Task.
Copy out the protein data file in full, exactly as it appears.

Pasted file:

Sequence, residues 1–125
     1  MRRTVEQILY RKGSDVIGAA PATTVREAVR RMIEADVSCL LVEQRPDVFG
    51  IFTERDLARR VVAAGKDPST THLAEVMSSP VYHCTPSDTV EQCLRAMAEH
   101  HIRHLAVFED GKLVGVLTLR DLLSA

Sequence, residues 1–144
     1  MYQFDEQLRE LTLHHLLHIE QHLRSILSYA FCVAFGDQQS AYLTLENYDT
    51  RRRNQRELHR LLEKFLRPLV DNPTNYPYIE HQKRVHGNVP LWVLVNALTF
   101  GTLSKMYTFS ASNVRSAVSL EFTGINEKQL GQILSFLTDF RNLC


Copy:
Sequence, residues 1–125
     1  MRRTVEQILY RKGSDVIGAA PATTVREAVR RMIEADVSCL LVEQRPDVFG
    51  IFTERDLARR VVAAGKDPST THLAEVMSSP VYHCTPSDTV EQCLRAMAEH
   101  HIRHLAVFED GKLVGVLTLR DLLSA

Sequence, residues 1–144
     1  MYQFDEQLRE LTLHHLLHIE QHLRSILSYA FCVAFGDQQS AYLTLENYDT
    51  RRRNQRELHR LLEKFLRPLV DNPTNYPYIE HQKRVHGNVP LWVLVNALTF
   101  GTLSKMYTFS ASNVRSAVSL EFTGINEKQL GQILSFLTDF RNLC